George! So happy for you!!!! This Dr. sounds amazing. I hate to pick on non-diabetics but if you are not one, you just can't really get it - that includes doctors.

Keep us posted on your progress and your relationship with this new Doctor!


March 3, 2011 | Unregistered CommenterKrista

George I am so pleased for you. After my "crisis" I have had a lot of doctors cross my path and knownow more than ever what a difference a good one makes

March 3, 2011 | Unregistered CommenterMinnesota Nicea Nice

George. I'm crying a little as I type this. I'm sooooooooo very happy for you! It's so amazing to have the kind of experience you've had and described here, and I'm so glad that it went so splendidly. You deserve to be treated with respect--with teamwork--by someone who is credible and knowledgeable, and who knows what they don't know as well. Sounds like you found him! Whoo-ee!! Thanks for writing and sharing this with us.

March 3, 2011 | Unregistered CommenterSarah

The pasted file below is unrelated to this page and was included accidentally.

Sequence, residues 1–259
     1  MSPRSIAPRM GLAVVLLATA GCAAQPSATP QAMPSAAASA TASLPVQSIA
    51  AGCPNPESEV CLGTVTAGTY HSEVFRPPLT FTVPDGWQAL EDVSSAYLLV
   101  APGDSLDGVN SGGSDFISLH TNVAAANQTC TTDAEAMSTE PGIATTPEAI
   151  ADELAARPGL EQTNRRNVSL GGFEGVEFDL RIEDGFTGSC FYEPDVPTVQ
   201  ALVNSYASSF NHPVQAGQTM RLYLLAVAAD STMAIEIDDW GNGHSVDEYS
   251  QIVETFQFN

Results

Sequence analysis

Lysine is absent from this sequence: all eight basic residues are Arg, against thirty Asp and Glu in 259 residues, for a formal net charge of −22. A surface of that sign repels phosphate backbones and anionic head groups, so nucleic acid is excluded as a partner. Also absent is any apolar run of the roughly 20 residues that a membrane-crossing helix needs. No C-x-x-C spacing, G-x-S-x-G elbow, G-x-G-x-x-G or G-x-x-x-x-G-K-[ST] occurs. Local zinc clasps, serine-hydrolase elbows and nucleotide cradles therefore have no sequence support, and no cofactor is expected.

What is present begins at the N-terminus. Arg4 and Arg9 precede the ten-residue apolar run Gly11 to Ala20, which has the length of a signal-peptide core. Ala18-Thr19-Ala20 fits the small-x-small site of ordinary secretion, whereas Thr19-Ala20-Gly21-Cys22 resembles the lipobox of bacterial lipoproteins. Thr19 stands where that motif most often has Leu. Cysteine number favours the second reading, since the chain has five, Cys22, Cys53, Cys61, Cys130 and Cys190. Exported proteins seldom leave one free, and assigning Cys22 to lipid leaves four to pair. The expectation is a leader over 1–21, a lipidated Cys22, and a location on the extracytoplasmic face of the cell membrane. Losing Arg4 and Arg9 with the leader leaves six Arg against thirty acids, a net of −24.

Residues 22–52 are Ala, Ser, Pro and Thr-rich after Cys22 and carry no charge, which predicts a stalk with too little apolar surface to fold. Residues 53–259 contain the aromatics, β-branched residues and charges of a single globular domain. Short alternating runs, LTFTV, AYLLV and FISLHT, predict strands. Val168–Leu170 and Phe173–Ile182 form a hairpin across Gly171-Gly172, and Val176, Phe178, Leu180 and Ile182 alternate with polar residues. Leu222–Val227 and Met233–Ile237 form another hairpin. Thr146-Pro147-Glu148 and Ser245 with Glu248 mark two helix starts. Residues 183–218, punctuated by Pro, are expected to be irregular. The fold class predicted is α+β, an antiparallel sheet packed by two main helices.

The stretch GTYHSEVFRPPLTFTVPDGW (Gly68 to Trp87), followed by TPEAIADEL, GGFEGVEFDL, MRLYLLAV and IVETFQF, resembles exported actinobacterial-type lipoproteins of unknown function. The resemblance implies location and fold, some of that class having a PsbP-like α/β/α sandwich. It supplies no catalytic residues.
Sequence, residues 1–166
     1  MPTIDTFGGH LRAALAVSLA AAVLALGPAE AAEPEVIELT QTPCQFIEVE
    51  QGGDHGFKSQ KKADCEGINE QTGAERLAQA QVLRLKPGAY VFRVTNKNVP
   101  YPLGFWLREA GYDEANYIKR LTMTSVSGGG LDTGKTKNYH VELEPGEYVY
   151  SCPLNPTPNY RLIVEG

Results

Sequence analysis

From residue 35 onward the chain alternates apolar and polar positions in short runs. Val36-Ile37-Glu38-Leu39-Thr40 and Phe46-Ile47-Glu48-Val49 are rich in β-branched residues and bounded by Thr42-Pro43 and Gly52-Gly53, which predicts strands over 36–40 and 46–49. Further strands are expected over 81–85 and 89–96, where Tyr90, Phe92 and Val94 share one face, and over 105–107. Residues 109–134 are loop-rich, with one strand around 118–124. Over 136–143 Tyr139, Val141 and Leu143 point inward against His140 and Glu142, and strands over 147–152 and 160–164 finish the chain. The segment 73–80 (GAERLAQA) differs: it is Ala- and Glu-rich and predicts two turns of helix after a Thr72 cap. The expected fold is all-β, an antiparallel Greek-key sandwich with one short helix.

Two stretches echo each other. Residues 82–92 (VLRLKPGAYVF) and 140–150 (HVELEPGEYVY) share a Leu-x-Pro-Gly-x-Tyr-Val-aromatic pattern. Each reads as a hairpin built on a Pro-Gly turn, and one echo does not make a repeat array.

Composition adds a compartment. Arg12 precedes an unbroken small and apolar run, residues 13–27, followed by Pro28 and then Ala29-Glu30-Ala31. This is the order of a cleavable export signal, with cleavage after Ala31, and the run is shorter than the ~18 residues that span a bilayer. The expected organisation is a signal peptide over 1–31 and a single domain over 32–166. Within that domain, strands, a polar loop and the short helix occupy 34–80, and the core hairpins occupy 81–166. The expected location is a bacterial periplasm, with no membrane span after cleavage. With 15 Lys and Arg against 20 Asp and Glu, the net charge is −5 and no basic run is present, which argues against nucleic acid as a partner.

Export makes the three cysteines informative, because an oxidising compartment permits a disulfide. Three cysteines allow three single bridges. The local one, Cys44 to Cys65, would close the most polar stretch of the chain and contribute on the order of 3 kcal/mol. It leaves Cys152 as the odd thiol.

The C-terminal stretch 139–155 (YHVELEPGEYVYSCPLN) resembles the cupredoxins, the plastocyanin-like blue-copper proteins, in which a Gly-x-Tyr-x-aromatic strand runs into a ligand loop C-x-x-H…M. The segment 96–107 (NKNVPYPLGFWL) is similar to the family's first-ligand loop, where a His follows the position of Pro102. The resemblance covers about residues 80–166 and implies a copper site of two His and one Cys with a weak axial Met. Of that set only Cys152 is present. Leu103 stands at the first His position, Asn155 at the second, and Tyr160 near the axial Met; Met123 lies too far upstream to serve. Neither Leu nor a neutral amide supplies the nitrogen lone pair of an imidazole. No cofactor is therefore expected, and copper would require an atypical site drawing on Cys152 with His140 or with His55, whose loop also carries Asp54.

I can't tell you how happy this makes me George! Being able to leave an appointment feeling encouraged instead of ashamed and/or confused is such an uplifting experience.

March 3, 2011 | Registered CommenterScott K. Johnson

I am so over the top happy for you George! A reason to celebraate for sure!

March 3, 2011 | Unregistered CommenterMeri

Sounds like you have found a good match. When we get the good matches, it matters less what the specialty on the diploma says than what the person knows and how s/he works with you to keep you healthy :)

March 3, 2011 | Unregistered Commentertmana

Gah! George! This is amazing. Having a doctor who you actually feel is on your team is a HUGE life improvement. I'm so very very happy for you! I think my head's gonna explode.

March 3, 2011 | Unregistered CommenterKaren H

Wow, this doctor sounds fantastic! I'm so happy for you. (((hugs)))

March 4, 2011 | Unregistered CommenterVal

I'm so happy for you! Here's to getting better with the help of a wonderful doctor :)

March 4, 2011 | Unregistered CommenterJillian

Thanks for the kind words, George! Like you, I too had a smile on my face when you left the office. You, my friend, are going to be just fine.